In other words, the narcissistic neurosis is not because of the narcissism but they are narcissistic in the sense that they are failures to develop healthy introversion, failures to develop a proper form and degree of narcissism.
Jung postulated the existence of two personalities, actually two selves, one of them being the shadow.
Technically the shadow is a part or an inferior part of the overreaching overarching personality, one's chosen conscious attitude.
The shadow develops in a peculiar way. Inevitably some personal and collective psychic elements are found wanting or incompatible with one's personality, one's personal narrative to use today's phrase.
So the expression of these psychic elements which I remind you are wanting and incompatible, their expression is suppressed and they coalesce into an almost autonomous splinter personality.
The second personality is contrarian, it negates the official chosen personality, though it is totally relegated to the unconscious.
Jung believes, therefore, in a system of checks and balances. The shadow balances the ego, consciousness, and this is not necessarily negative as most people think.
The behavioral and attitudinal compensation offered by the shadow can and usually is actually positive.
The shadow, our dark side, is a positive element.
Jung says the shadow personifies everything that the subject refuses to acknowledge about himself and yet is always thrusting itself upon the individual, directly or indirectly.
For instance, inferior traits of character and other incompatible tendencies are aspects of the shadow.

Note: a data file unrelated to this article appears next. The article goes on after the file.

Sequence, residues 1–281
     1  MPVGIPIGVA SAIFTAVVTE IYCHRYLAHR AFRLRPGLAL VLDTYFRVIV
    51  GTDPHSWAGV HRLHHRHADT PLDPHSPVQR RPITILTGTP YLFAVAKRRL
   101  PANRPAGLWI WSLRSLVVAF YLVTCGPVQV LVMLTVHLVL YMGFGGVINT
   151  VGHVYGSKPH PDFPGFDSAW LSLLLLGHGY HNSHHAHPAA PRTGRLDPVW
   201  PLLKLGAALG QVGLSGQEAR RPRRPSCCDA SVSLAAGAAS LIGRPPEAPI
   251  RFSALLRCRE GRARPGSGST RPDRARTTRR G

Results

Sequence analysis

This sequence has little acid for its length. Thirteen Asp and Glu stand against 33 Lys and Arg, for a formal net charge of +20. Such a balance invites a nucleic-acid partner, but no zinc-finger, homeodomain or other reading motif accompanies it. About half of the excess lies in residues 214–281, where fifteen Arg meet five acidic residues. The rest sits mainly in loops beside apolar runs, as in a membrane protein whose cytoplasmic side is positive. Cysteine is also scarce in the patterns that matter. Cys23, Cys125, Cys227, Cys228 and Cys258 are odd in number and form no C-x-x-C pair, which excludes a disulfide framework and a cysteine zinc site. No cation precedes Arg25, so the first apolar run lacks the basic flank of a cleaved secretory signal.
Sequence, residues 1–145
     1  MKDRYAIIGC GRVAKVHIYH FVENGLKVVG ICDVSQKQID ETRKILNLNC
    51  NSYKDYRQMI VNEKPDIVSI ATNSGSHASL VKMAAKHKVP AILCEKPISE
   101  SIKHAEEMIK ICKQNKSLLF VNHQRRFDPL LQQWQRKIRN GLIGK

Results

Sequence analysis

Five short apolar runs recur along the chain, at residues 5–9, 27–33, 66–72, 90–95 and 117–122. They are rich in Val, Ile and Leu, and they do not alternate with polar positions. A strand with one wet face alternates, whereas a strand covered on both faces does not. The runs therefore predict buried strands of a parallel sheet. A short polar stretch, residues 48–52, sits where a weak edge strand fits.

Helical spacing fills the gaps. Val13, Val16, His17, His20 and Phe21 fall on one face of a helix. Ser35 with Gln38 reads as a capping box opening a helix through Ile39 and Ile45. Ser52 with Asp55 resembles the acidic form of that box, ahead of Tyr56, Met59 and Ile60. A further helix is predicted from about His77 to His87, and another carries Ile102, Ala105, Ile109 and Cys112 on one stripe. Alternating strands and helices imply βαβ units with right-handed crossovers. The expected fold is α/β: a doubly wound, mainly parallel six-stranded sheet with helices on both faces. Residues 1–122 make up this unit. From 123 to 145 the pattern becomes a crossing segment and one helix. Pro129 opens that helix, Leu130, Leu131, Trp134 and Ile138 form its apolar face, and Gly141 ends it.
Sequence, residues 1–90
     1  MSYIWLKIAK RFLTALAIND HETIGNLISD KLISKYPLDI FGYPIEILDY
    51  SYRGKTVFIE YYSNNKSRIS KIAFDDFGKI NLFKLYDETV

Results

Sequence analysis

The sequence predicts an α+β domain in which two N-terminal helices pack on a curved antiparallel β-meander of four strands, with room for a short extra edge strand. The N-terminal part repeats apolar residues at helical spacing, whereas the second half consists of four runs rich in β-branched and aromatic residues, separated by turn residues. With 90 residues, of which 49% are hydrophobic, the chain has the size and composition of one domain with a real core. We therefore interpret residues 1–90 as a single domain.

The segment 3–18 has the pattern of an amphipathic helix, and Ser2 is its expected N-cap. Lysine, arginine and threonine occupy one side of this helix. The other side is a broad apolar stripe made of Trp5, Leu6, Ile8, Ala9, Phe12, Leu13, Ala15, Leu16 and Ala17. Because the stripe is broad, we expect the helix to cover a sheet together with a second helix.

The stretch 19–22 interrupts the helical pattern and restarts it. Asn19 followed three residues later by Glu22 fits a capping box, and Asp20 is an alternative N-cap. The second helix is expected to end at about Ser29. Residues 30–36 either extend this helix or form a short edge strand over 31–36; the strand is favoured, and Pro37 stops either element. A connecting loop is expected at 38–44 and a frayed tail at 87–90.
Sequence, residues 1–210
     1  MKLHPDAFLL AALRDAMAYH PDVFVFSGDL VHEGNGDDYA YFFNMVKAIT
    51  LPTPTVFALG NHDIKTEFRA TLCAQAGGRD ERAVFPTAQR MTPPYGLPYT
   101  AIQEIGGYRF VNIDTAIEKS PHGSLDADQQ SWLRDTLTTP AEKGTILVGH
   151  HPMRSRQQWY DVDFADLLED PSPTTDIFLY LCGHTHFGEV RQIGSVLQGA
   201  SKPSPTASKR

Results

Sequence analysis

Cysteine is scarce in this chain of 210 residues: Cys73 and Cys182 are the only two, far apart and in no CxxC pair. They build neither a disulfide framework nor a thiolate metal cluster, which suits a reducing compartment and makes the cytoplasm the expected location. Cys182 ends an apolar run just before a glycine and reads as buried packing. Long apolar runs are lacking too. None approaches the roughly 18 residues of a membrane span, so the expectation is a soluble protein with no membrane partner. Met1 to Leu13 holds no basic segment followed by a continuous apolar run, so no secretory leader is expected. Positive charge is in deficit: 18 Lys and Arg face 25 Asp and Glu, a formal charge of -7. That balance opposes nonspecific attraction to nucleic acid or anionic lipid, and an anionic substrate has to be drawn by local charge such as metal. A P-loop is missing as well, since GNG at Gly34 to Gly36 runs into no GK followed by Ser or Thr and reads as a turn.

This is in his essay, The Archetypes and the Collective Unconscious.
He continues, Jung, the shadow is the hiddendebt hidden, repressed, for the most part inferior and guilt-laying personality, whose ultimate ramifications reach back into the realm of our animal ancestors and so comprise the whole historical aspect of the unconscious.
That's the part I strongly disagree with.
If it has been believed hitherto that the human shadow was the source of all evil, it can now be ascertained on closer investigation that the unconscious man, that is, his shadow, does not consist only of morally reprehensible tendencies but also displays a number of good qualities such as normal instincts, appropriate reactions, realistic insights, creative impulses and so on.
It would seem fair to conclude that there is a close affinity between the complexes, split of materials, you remember, and the shadow.
Perhaps the complexes also the result of incompatibility with the conscious personality. Perhaps the complexes are the negative part of the shadow.
Perhaps it just resides in the shadow or closely collaborates with the shadow in a feedback mechanism.
Perhaps whenever the shadow manifests itself in a manner which is obstructive, destructive or destructive to the ego, we call it complex.
Complexes may really be one and the same, the result of a massive split of material and its relegation to the realm of the unconscious.
And this is part and parcel of the individuation separation phase of our early childhood development.
Prior to this phase, the infant begins to differentiate between self and everything that is not self.
The infant tentatively explores the world and these excursions bring about a differentiated worldview.
Suddenly the world is populated with objects. Suddenly the unity cracks and breaks. It's a break of the world. It's Cartesian. It's like the cart suggested that as an observer and observed, us and nature, we and the world, the child goes through this early on.
Child begins to form and store images of his self and of the world, initially of the primary object in his life, normally his mother.
And these images are distinct.
First time, it's very traumatic. Mother is not me. She is separate and if she's separate, I can lose her. She can abandon me. To the infant, this is revolutionary stuff. Nothing short of a breakdown of an erstwhile unitary universe and its substitution with fragmented, unconnected entities.
And as I said, it's very traumatic.